We’re (potentially) entering the home stretch of the legislative session. The end of this week marks the transmittal deadline. Each year the legislature sets a deadline for all bills introduced in one chamber to be transmitted to the other chamber. Think of it as an aspirational goal, kind of like a New Year’s resolution. The transmittal deadline is set with good intentions, but it is rarely followed. That being said, there is a movement to at least get to a point where the legislature can recess for an extended period of time prior to official adjournment. This means the legislature may be in session into late April or even longer.
Why, you ask? It’s all about the American Rescue Plan recently passing the Senate. The $1.9 trillion COVID relief package has cleared both the House and Senate. Over the next few weeks Congress will go through a reconciliation process in an effort to reconcile differences in the House and Senate bills. So how will this delay the end of our legislative session? The act includes funding for state and local governments and the legislature does not want to adjourn sine die until it has a say in how Idaho’s dollars are spent. As a result, the legislature will do its best to complete its regular legislative work before the end of March and then recess for an agreed upon time period. It will reconvene once federal guidance has been issued and the state knows how it can spend its funds.
So what does this mean for counties? There are two separate funding sources for counties. The first of which comes from a newly created Coronavirus Local Fiscal Recovery Fund which includes $65.1 billion in aid to counties across the country. Idaho’s share is estimated to be $350 million. The National Association of Counties (NACo) has developed a toolkit to estimate each county’s potential share. You can access the toolkit by clicking here.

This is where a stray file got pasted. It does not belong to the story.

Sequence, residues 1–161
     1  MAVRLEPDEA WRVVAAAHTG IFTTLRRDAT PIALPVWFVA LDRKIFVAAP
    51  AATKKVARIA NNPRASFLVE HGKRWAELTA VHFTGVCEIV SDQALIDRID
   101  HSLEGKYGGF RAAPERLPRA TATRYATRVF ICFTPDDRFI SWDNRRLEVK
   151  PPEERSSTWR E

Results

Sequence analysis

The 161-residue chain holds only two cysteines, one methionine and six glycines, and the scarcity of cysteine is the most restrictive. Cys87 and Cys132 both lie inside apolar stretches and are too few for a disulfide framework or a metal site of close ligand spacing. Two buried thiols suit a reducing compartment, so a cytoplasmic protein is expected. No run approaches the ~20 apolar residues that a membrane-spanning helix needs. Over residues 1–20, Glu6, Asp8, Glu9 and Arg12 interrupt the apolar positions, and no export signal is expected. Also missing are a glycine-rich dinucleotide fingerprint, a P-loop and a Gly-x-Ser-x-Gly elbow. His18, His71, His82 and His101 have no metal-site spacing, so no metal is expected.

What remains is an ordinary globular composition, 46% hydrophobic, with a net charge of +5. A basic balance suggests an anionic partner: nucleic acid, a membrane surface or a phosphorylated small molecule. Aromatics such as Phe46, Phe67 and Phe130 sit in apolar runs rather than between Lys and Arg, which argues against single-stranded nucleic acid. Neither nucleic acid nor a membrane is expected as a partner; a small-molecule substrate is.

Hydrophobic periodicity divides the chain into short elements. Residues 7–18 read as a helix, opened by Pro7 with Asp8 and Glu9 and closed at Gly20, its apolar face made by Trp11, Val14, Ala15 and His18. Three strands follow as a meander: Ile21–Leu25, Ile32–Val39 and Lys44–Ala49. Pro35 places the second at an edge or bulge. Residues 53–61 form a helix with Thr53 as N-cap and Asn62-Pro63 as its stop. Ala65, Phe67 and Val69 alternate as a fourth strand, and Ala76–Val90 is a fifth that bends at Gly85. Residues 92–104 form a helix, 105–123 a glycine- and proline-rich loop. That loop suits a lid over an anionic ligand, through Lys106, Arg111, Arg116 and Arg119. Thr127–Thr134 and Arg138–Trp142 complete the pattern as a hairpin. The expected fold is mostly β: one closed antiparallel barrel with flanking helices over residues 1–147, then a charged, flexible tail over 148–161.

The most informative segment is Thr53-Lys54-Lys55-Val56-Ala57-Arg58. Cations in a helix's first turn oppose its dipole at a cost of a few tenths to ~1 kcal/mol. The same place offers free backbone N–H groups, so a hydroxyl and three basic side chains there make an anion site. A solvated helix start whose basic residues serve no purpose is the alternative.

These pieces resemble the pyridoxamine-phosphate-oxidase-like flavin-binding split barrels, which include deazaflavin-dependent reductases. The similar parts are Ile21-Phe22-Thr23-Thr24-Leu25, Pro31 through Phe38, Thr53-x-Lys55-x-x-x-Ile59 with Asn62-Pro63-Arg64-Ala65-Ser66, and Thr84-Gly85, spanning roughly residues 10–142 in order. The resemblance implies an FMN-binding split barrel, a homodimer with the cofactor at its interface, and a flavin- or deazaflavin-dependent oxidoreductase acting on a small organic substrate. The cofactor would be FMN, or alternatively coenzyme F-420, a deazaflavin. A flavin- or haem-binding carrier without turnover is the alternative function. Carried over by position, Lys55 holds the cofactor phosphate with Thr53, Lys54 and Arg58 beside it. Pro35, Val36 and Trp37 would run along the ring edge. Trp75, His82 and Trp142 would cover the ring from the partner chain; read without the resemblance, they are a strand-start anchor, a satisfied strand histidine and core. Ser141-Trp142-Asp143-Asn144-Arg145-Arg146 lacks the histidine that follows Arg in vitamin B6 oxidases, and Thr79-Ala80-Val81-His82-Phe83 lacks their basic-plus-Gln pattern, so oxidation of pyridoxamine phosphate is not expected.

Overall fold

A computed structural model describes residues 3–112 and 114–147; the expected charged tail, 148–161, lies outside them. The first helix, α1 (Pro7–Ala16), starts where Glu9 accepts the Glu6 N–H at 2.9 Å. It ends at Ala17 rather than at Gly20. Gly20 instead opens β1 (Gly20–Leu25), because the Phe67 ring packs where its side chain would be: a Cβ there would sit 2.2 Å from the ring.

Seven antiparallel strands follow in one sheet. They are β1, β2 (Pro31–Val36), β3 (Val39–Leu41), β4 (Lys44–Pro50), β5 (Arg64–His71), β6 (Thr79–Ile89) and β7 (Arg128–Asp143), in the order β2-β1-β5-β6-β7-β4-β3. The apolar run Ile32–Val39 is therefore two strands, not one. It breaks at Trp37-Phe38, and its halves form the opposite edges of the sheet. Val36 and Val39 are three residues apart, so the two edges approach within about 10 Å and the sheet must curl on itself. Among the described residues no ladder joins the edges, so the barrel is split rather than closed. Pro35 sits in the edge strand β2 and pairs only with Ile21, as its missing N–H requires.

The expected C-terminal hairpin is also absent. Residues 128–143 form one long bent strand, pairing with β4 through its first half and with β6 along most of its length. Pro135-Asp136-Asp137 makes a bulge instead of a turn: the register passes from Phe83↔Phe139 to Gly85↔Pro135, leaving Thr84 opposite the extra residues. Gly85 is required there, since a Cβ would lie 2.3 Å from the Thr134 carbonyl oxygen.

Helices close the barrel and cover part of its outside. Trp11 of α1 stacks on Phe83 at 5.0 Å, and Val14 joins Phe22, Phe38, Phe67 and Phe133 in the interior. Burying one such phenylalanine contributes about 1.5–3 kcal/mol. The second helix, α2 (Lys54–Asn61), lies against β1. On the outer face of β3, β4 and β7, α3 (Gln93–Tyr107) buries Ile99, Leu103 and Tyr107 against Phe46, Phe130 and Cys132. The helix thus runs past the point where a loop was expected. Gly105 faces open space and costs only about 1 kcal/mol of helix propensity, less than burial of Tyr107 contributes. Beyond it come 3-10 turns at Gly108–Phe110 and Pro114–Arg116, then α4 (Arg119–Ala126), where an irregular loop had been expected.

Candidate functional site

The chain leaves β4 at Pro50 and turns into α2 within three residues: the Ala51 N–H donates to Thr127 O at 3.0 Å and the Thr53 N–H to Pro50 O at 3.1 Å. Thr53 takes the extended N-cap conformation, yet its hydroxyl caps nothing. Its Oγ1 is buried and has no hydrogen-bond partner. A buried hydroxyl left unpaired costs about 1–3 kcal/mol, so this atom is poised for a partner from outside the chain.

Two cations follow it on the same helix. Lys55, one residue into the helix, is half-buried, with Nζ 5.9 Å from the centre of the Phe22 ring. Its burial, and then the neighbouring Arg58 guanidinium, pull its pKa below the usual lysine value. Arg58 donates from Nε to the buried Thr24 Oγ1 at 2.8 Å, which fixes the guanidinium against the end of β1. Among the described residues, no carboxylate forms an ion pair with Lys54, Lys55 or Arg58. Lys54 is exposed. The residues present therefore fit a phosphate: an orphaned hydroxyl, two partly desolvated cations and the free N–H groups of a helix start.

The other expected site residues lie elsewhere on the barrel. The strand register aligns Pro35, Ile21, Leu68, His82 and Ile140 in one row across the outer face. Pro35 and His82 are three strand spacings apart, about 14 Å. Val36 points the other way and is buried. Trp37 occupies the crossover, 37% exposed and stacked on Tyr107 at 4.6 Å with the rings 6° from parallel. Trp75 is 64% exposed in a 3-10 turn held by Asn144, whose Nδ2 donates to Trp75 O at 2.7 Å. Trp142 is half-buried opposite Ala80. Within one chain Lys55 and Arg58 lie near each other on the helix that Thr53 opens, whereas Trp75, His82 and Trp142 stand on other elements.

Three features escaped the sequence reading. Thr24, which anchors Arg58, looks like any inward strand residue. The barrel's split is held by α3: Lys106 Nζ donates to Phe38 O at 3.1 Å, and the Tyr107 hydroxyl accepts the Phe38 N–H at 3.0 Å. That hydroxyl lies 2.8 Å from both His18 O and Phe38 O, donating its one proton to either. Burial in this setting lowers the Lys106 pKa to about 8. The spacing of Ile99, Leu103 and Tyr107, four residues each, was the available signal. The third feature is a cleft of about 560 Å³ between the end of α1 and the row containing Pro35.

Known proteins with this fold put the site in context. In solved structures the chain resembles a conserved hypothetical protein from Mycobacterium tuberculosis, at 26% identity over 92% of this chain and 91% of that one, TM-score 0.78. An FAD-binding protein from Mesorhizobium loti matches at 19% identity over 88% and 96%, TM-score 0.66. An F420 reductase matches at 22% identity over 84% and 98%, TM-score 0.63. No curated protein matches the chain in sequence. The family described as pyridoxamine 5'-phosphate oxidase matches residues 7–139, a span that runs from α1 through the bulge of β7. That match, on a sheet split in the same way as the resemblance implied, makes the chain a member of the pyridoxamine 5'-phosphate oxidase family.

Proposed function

Eligible uses of coronavirus recovery funds include:
As with the CARES Act, IAC expects the US Treasury to issue guidance on allowed uses of funds. The big difference; however, between the CARES Act and the American Rescue Plan is that federal aid to counties will be allocated directly from the US Treasury to counties, bypassing state legislatures.
The second source of county funds comes in the form of a new, two-year revenue sharing program for counties. Under this program, the US Treasury will provide a $750,000,000 payment to counties nationwide within 60 days of passage. Twelve months later, the US Treasury will provide an additional $750,000,000 in revenue sharing to counties. This revenue-sharing program was authored by Oregon Senator Ron Wyden. Details on how the funds will be allocated to counties are slim but we do know that the fund was set up to primarily benefit rural counties in the west that have been impacted by economic downturns in the natural resource industry. Specifically, counties for which the US Treasury Secretary determines that there is a negative revenue impact due to either the implementation of a federal program or changes to implemented federal programs will be eligible for the two-year revenue sharing. SRS recipient counties will likely qualify as eligible counties. The revenue share will be in addition to PILT and SRS payments. Eligible counties can use the funds for any government purpose, similar to PILT, provided that funds must be expended by the end of 2024. Again, little is known about this two-year revenue-sharing program. IAC will provide more information once it is available.